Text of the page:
COMMENT: Yan Swiderski explains what led him to co-found the Global Returns Project, a new initiative aiming to generate $10bn annually to tackle the climate crisis
I spent most of my career working as a fund manager, investing in countries all over the world. I thought my activities were helping achieve something good, using finance and business to help create development and lift people out of poverty.
But despite being proud of my work, I could also see that there were big problems being caused by the companies and countries we were investing in – problems of deforestation, pollution, habitat loss and climate change.
I became increasingly concerned about the climate crisis, and five years ago left my life in finance behind to run an organic farm and rewilding project in Cornwall.
Money that is involved in sustainable finance initiatives only addresses a niche number of the problems presented by climate change
Soon after I left, however, I began to wonder if – instead of leaving the system – I should find a way to use it for the benefit of the planet.
It’s true that I’m not the first to come to this conclusion. Many organisations are already divesting from fossil fuel companies, and the world of sustainable investing has matured: investments in ESG, impact funds and green bonds are now possible and popular.
I’ve seen the reality of these improvements first-hand. But the fact is the system is still flawed. For a start, only a minority of investments align with these sustainability initiatives at all.
Money that is involved in sustainable finance initiatives then only addresses a niche number of the problems presented by climate change. There is no market mechanism in place for suing polluters, for example, or for protecting the rainforests and other habitats. That’s a role filled by not-for-profit organisations.
Meanwhile, many fund managers still see their job as maximising returns to the exclusion of all these other considerations.
I voiced my concerns to my friend and fellow ex-financier, Jasper, and together we concluded that the way we invest in climate initiatives needs to change.
We knew that global private savings and investments represented approximately $140tn. So we decided to launch the Global Returns Project and empower individuals to channel some fraction of that funding into the most effective climate projects.
Our initiative encourages people to reinvest in the Earth by committing 0.25% of their savings and investments annually to fund not-for-profit climate solutions.
Behavioural science tells us that if we normalise reinvesting in the Earth, more of us will choose to participate
Some quick maths reveals that, by reinvesting in the Earth, just 3% of people with savings could raise a staggering $10bn every year for those powerful not-for-profits. If corporate organisations sign up, the gains could be even bigger.
That money could be used to protect and support natural systems, while governments and businesses catch up and make the necessary changes.
Financial institutions have a critical role to play in this initiative. Some leading figures in the industry are saying governments need to take more action on climate change. But the industry itself can take meaningful steps today to tackle the climate crisis by encouraging their clients to reinvest in Earth.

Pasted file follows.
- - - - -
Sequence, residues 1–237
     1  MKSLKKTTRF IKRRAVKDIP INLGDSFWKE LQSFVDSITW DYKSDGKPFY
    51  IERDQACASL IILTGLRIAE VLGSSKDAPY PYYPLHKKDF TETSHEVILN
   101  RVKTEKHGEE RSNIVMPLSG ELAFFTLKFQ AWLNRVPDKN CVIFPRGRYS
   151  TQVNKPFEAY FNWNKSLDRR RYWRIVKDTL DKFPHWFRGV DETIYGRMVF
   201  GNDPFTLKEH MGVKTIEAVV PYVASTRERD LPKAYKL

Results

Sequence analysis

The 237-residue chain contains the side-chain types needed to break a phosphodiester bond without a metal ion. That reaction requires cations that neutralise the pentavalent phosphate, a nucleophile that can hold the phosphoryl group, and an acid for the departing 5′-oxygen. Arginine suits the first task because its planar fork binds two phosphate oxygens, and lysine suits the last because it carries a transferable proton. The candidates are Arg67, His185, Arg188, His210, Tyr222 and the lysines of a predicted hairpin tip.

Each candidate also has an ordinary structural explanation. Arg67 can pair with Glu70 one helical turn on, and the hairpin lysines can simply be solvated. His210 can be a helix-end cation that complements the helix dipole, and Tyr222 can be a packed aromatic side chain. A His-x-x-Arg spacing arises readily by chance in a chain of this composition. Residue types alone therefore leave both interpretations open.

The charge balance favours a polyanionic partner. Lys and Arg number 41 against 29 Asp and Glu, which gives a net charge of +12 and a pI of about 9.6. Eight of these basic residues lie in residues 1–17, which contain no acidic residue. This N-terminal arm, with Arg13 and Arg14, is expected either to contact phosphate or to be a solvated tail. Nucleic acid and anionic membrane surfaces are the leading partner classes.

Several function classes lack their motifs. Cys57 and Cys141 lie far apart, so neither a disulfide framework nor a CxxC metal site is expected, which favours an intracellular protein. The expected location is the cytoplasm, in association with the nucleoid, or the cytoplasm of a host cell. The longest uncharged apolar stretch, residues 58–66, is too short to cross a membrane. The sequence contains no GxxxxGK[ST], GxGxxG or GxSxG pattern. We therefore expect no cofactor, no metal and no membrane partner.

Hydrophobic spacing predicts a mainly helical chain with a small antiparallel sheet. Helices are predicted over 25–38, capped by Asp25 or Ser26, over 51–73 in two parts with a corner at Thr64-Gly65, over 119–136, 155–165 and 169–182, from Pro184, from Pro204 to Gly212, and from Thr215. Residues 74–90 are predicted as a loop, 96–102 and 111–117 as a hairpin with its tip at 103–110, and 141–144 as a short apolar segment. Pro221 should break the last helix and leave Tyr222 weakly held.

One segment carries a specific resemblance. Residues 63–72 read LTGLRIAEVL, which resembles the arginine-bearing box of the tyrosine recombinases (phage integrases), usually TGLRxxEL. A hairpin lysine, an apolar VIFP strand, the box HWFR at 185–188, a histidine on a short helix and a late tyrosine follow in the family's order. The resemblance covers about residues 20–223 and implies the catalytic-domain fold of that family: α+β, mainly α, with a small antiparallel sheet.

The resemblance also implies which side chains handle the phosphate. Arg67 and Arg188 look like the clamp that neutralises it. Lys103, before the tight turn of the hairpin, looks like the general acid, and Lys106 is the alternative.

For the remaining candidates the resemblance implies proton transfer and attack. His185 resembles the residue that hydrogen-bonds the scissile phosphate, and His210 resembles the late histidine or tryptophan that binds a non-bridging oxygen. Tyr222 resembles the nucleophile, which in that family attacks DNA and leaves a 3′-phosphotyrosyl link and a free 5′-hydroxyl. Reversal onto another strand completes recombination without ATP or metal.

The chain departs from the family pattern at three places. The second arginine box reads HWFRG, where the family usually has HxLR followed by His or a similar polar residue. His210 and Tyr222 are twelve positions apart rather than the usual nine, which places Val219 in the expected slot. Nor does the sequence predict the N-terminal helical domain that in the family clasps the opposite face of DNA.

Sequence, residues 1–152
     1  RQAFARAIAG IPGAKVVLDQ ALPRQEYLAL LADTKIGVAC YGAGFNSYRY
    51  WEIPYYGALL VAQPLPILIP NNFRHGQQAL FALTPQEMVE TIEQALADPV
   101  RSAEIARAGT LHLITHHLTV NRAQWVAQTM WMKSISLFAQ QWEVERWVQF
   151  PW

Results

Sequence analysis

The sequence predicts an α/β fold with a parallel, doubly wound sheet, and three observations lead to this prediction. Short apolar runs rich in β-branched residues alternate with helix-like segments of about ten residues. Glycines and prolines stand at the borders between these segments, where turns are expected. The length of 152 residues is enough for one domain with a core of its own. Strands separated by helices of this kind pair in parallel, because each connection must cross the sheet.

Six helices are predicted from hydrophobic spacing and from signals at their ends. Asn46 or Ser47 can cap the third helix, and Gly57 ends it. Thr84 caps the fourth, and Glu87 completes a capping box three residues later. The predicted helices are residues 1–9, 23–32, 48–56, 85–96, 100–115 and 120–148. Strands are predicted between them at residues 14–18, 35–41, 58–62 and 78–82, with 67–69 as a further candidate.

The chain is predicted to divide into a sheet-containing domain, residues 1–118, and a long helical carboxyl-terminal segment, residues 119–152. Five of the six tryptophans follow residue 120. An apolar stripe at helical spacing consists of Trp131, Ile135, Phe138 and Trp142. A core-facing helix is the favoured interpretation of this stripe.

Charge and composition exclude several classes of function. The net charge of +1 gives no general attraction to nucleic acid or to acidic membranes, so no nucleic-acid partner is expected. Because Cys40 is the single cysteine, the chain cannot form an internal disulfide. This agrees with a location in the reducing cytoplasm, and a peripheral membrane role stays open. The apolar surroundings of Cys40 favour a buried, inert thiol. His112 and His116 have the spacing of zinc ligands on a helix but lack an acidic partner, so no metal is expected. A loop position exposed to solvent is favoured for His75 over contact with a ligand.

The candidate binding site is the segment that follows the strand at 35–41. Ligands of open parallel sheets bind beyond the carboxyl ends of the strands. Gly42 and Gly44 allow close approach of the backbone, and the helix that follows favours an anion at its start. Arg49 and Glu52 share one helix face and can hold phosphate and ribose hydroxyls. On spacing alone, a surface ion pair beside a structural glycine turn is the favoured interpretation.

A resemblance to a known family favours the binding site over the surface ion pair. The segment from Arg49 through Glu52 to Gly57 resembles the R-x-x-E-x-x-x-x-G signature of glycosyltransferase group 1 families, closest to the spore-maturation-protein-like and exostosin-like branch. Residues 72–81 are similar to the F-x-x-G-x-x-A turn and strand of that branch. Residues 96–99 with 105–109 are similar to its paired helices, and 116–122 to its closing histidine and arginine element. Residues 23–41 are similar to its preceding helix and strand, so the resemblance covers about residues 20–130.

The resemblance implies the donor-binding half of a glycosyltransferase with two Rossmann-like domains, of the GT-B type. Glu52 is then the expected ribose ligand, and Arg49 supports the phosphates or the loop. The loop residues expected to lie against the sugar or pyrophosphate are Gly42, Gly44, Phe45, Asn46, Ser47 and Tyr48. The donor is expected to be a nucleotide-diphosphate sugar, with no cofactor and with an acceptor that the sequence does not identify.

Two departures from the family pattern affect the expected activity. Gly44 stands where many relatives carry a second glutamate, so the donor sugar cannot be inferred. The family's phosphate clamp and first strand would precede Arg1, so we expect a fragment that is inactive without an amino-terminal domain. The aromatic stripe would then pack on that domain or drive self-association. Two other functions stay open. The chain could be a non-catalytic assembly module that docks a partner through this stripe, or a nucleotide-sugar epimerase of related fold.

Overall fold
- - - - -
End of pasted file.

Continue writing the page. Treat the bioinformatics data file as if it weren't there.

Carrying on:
Behavioural science tells us that if we normalise reinvesting in the Earth, more of us will choose to participate. So in giving their clients the ability to easily commit that 0.25% of savings and investments, financial institutions will make a small change with massive implications for funding climate initiatives. That’s how we get to $10bn every year: by making reinvesting in the Earth normal and easy for everyone.
Yan Swiderski's organic farm and rewidling project in Cornwall.
More and more, the realities of extreme weather, flooding and natural disasters – along with the warnings of high-profile public figures such as David Attenborough and the Prince of Wales – reveal the need for immediate climate action. And research shows that donating to climate charities is the most effective personal action someone can take to help tackle the climate crisis.
Reinvesting in the Earth allows individuals to make a meaningful difference in combatting the climate emergency. And with financial institutions on board, we can increase that critical climate funding exponentially.
We are on the brink of a breakthrough in the effort to address climate change. And everywhere I look, I see evidence that we’re ready to change the way we fund climate solutions. Financial institutions such as BlackRock want to tackle the climate crisis. Savers and investors want to do the same by mobilising their assets.
I know that real change is within reach, and together, we can fund climate solutions at incredible scale.
Yan Swiderski is co-founder of the Global Returns Project. He was one of the founders of Finisterre Capital, where he was CEO and managed global portfolios investing in over 50 countries, primarily in developing markets.